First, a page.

Environmental Engineering Research and Practice Seminar

Lecture / Panel
For NYU Community

Disrupting Desalination:
Temperature Swing Solvent Extraction for Hypersaline Brines

Dr. Ngai Yin Yip
Earth and Environmental Engineering
Columbia University


Hypersaline brines, e.g., produced water from oil and gas extraction, are of growing environmental importance but are technologically under-served by today’s desalination methods. In this talk, we present a radically different approach for hypersaline desalination, termed temperature swing solvent extraction (TSSE). The technology utilizes a low-polarity solvent that is immiscible with aqueous solutions to extract water from hypersaline brines. Because the water solubility of the solvent is highly temperature-sensitive, a mild temperature swing causes the aqueous phase to demix from the solvent, yielding product water. We demonstrate the potential of TSSE to desalinate hypersaline brines with exceptional salt removal and showed high water recovery of actual brines. Capability of TSSE to treat high-scaling propensity feed streams is presented and prospects of the technology for zero liquid discharge is examined.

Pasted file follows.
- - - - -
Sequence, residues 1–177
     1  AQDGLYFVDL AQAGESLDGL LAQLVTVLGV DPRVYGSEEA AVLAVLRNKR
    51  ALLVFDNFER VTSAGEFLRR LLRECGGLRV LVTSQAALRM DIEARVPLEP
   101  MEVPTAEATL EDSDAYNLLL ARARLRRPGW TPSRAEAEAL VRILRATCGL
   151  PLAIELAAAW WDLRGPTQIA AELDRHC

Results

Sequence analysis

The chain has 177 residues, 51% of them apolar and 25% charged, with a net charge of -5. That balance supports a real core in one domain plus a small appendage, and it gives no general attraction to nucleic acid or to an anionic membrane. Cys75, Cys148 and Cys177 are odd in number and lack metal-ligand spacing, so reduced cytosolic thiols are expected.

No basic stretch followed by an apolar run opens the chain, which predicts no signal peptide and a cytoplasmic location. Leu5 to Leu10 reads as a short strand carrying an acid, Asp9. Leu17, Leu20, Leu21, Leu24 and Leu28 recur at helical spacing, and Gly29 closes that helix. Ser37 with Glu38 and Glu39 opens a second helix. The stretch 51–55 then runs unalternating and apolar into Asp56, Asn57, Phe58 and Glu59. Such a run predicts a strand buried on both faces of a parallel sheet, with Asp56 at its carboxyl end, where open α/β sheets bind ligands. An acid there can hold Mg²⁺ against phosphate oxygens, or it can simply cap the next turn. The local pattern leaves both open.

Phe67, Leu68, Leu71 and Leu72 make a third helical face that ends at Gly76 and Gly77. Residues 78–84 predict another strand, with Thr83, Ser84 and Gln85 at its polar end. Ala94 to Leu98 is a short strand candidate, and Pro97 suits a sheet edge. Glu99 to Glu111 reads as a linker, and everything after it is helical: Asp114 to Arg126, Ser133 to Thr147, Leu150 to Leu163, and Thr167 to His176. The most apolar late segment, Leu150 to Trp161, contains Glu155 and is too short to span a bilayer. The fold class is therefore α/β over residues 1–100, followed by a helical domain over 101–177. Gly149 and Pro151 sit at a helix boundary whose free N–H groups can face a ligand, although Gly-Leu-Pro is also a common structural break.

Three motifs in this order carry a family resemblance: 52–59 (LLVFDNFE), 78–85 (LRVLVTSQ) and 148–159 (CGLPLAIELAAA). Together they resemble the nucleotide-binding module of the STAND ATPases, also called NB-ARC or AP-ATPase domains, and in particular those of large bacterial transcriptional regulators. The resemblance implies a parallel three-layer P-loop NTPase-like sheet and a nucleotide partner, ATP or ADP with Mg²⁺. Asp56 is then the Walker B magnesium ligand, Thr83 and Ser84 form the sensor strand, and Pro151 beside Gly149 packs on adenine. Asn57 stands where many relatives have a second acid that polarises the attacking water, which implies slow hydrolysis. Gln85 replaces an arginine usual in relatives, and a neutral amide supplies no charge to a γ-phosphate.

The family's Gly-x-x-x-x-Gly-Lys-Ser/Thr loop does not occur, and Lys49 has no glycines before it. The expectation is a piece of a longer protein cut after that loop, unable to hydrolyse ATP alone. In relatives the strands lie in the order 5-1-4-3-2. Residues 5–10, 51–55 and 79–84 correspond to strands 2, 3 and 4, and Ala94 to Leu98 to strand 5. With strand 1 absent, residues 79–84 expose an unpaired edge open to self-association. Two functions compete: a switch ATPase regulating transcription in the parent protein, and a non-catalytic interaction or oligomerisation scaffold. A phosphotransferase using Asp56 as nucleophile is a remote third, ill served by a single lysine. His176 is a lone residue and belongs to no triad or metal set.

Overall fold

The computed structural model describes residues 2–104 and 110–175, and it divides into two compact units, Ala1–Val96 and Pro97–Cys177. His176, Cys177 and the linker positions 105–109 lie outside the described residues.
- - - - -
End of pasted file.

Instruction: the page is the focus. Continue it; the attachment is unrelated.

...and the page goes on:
Ngai Yin Yip is an Assistant Professor of Earth and Environmental Engineering at Columbia University. He received his doctoral degree in Chemical and Environmental Engineering from Yale University, where his dissertation work on novel membrane technologies for the sustainable production of energy and water earned the CH2M Hill/AEESP Outstanding Doctoral Dissertation Award in 2014. His current research is focused on advancing technologies and innovations for environmental challenges at the nexus of water and energy, including energy-efficient desalination, sustainable resource recovery from waste streams, and novel membrane materials for water purification. His research has been sponsored by the NSF and the U.S. Bureau of Reclamation.